For humans the bonding process can be described as the affectionate connection that develops between infant and caregiver over time. The quality of the bond between infant and caregiver affects all later development of the infant, and it influences how well children will react to new experiences, situations, and stresses.
Bonding has been understood to relate to the period shortly after birth when the baby and parents are optimally able to begin to get to know each other (IAIM, 2005). Emotionally and physically healthy parents are attracted to their infant. They naturally feel a physical longing to smell, cuddle, and rock their infant. They look at their baby and communicate to the baby. In turn the infant responds with snuggling, babbling, smiling, sucking, and clinging. Usually, the parents’ behaviours bring pleasure and nourishment to the infant, and the infant’s behaviours bring love and satisfaction to the parents. This reciprocal positive maternal and paternal-infant interaction initiates attachment. Attachment is the lasting emotional bond between a child and the people who care for them.
In humans bonding is a process rather than an event, and is a matter of reciprocal interaction. It is a “dance” which builds trust and intimacy. Humans can consciously create this bond at any stage of life, and it is not purely biological. This is reassuring for parents separated by their children at birth due to medical issues, children raised by extended relatives and foster families (IAIM, 2005).
A secure attachment relationship is one which provides a secure base to explore the world and build new relationships, and at the same time provides a safe haven to return for comfort, love and acceptance. Overtime, where a secure attachment develops, infants will grow into adults that see the world as a place where they can be confident to explore and trusting enough to build strong and lasting relationships. They will also be more resilient in times of stress or disappointment and more capable of regulating their emotions.
An insecure attachment can result when there are barriers that prevent infants having relationships that meet their needs for exploration and comfort. Unattached and anxiously attached infants can grow up to exhibit a range of disorders from difficulty in forming and maintaining relationships at one end of the scale to sociopathic criminal behaviours at the other. Lack of early bonding and attachment may lead to later abuse, neglect and failure to thrive.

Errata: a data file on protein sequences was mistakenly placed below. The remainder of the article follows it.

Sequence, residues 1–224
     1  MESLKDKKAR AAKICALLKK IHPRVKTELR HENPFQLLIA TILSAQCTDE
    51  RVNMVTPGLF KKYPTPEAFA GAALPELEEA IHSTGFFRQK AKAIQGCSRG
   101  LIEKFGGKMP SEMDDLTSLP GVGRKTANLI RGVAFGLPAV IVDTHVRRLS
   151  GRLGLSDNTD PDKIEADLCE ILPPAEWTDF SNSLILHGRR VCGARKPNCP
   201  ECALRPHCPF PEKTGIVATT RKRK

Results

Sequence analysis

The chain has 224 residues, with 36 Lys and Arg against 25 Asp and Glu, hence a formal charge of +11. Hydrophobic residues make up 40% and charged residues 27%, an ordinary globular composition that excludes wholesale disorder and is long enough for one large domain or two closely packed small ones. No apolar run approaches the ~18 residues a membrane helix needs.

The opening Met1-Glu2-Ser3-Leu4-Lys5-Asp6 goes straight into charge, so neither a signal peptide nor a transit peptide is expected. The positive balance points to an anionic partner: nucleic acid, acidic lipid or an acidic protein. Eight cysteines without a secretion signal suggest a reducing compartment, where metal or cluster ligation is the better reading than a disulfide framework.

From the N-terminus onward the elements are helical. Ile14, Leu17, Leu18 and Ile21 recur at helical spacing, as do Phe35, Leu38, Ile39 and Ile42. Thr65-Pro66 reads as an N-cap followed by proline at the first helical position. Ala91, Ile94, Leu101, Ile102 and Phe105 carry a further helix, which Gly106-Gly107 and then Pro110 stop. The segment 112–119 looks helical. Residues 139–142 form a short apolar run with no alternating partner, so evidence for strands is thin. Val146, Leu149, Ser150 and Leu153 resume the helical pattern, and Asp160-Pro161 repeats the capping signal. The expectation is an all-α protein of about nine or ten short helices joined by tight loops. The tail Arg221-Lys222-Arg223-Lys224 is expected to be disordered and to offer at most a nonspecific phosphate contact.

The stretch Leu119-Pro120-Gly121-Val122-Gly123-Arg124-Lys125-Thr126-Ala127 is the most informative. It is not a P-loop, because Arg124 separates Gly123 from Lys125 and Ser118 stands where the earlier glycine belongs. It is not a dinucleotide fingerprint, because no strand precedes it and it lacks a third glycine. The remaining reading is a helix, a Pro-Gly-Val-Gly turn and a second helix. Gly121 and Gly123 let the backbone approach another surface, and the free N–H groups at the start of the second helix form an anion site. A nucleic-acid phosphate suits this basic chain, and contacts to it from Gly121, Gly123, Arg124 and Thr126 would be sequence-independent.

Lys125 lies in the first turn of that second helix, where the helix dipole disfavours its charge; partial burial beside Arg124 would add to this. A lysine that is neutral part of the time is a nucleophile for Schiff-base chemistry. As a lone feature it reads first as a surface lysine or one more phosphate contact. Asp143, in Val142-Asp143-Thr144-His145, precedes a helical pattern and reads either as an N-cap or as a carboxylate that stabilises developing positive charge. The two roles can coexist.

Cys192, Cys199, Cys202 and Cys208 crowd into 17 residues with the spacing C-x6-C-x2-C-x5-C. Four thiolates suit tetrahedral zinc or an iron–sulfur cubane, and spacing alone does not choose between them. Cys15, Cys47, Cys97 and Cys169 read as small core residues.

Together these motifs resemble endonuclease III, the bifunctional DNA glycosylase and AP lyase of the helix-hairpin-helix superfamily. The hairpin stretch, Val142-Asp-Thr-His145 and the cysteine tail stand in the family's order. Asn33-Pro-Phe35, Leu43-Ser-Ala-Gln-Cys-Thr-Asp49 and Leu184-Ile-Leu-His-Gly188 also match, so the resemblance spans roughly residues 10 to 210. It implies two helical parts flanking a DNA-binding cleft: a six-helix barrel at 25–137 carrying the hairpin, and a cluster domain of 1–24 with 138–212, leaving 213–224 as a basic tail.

Fortunately, a secure attachment relationship between parent and child is effortlessly formed with love, cuddles, support and security. In situations where this is not the case, a secure attachment relationship can be established with the support of medical guidance and community support.
In our work as infant massage instructor’s bonding and attachment can be linked together with little or no differences (Vimala McClure, 2000). We refer to bonding and attachment as the “action involved in the connection between two human beings and the quality of that connection” (IAIM, 2005). We have a great opportunity as infant massage instructors to help set the bonding/attachment in the right direction. We teach “positive touch” communication in a nurturing environment, which in turn builds on the strengths of each individual and the relationship itself. Infant massage instruction uses gentle touch, careful observation of baby’s cues, quiet words of encouragement, and soothing lullabies to create an environment where parents and babies can bond with each other. As instructors we have an opportunity to provide positive feedback to parents that helps to build the confidence they need to listen and respond appropriately to their infant’s needs. Parents can also apply these skills to a myriad of parenting situations in daily life.
Julie Davies IAIM Certified Infant Massage Instructor and runs Chimama, a massage therapy practice specialising in the well-being of women during pregnancy and infant massage. Julie discovered the amazing benefits of infant massage in 2010 after participating in an International Association of Infant Massage (IAIM) baby massage course with her first child. Julie has given both her babies regular massage, which provided a quiet time for them to connect and helped to soothe and settle their mood. Julie’s second child suffered from eczema – to cool and calm her baby’s skin, Julie massaged her son daily using a hydrating moisturiser. In 2013 Julie completed the First Touch Infant Massage Training Program through IAIM. Julie strongly believes that regular massage in infancy provides a foundation for physical, emotional, and spiritual harmony throughout life. Julie enjoys sharing her personal experience and knowledge of infant massage with parents that are keen to learn ways to strengthen their communication with their children using positive touch.
IAIM (2005) Manual for infant Massage Instructors Chapter 5
IAIM (2012) Compendium Section 5: Theoretical Basis of the IAIM Program Part 2 Attachment Theory,
Vimala McClure (2000) Infant Massage: A Handbook for loving parents Chapter 3